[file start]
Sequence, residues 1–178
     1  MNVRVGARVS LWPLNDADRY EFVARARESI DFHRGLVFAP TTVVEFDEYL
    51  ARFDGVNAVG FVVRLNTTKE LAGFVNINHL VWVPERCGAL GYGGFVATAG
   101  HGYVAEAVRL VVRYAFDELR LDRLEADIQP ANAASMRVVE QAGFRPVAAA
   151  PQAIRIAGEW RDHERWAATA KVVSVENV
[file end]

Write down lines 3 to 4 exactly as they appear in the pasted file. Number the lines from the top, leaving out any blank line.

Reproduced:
    51  ARFDGVNAVG FVVRLNTTKE LAGFVNINHL VWVPERCGAL GYGGFVATAG
   101  HGYVAEAVRL VVRYAFDELR LDRLEADIQP ANAASMRVVE QAGFRPVAAA